Top of the Vox Pops

Definition: VOX POP (Vox Populi) –“Voice of the people”

A vox pop is an interview with members of the public; their answers about a particular topic are usually edited to give snippets in succession. I’ve learnt lots by doing this over the years, so thought I would share what works best for me…

  • Ask open questions!!

If you only remember one thing from this post then let it be this: Asking open questions is the most important thing you more do when you vox pop. Here’s an example:

CLOSED QUESTION: Do you agree with XXX?

OPEN QUESTION: What’s your opinions on XXX?

Open questions elicit expansive answers from people. There’s nothing more boring to listen to than a series of yes and no answers – we’re not playing Take Your Pick!

  • Use station branding wherever possible.

This is almost like a form of ID and people will be comfortable speaking to you if they are familiar with the station you are doing the vox pops for.

  • Approach people within the station’s demographic or target audience.

…But make sure the selection of people you speak to are diverse enough to give a  true wide reflection of society’s opinions on a given topic.

  • Target areas with a high amount of footfall.

You will get your work done quicker if you does this; more people around means you’re more likely to get a response. However, avoid places where there is a lot of flyering because people will have become used to saying no in these areas.

  • Keep off private property.

Some areas, like shopping centres and train stations, are privately owned and you will need permission to vox pop here.

  • When speaking to members of the public, who may be in a rush, walk alongside them. 

This way they won’t have to stop and take time out of their day to talk to you, so you’re more likely to get a response.

  • If someone says no then leave them.

Do not harass or beg someone to speak to you – someone else will come along who will. The same applies if someone ignores you; they’re doing this on purpose.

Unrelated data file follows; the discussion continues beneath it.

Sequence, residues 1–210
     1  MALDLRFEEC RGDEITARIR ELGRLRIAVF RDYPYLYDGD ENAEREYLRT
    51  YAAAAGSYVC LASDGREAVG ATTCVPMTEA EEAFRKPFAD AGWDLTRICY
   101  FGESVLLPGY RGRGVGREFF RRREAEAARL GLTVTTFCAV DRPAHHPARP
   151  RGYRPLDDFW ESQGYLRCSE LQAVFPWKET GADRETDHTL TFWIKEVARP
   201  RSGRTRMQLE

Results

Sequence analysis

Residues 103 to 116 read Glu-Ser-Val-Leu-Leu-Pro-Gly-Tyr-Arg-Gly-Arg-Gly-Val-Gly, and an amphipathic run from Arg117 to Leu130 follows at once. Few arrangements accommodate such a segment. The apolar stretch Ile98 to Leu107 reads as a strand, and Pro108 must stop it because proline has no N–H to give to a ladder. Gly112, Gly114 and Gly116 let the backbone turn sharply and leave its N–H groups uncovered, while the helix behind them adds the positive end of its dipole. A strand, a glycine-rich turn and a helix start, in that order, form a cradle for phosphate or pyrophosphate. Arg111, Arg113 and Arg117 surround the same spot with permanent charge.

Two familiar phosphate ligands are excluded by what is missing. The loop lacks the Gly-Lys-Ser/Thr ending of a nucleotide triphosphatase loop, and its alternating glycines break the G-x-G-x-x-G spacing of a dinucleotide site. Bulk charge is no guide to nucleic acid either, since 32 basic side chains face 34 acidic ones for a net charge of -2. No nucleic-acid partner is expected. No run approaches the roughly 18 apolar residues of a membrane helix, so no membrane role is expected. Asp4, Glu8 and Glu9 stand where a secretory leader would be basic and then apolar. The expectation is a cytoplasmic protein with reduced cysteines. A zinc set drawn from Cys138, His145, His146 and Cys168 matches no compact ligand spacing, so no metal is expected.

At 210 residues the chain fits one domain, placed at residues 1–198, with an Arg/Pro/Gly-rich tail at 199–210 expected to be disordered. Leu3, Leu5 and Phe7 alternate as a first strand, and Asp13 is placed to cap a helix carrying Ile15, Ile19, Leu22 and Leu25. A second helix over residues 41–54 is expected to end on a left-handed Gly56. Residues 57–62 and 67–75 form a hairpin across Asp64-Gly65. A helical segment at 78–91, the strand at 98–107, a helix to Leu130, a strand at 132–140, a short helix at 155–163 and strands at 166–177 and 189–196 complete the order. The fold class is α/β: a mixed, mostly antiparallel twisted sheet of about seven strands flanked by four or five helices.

• Press record BEFORE you ask the question. 

That way their response will be genuine. People are naturally curious and will often ask what you are going to ask them before they agree to speak to you. Avoid doing this as it ruins spontaneity, if they are not happy with anything then you don’t have to broadcast it and can always delete it.

  • Always wear earphones (or headphones) to monitor the sound.

You will pick up noises or interference through earphones that your ears would not.  Earphones are usually better when vox popping, as they are more portable.

  • Keep an eye on the level monitor.

That’s  a better indication of volume than what you can hear.

  • Always use a pop screen or windshield on the microphone.

Do this even when indoors as a force of habit. Plosive consonants – particularly P, T and K – can produce irritating popping sounds, so a foam layer on the microphone reduces that risk. On windy days even a windshield won’t save you. In this case you’ll have to be creative with scarfs, coats, gloves – anything that will deaden the sound of wind hitting the mic.

  • Keep safe!

Last but certainly not least! When you are immersed in your work it can be easy to take your eye off the ball. The equipment you’re carrying automatically makes you a target of unwanted attention in public places, so keep alert and an awareness of your surroundings at all times.

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About Katy Booth

BBC Broadcast Journalist who has worked extensively in newsrooms of BBC local radio, regional television and commercial radio. BJTC accredited, from The University of Central Lancashire.

Posted on May 19, 2013, in Journalism, Radio and tagged , , . Bookmark the permalink. Leave a comment.

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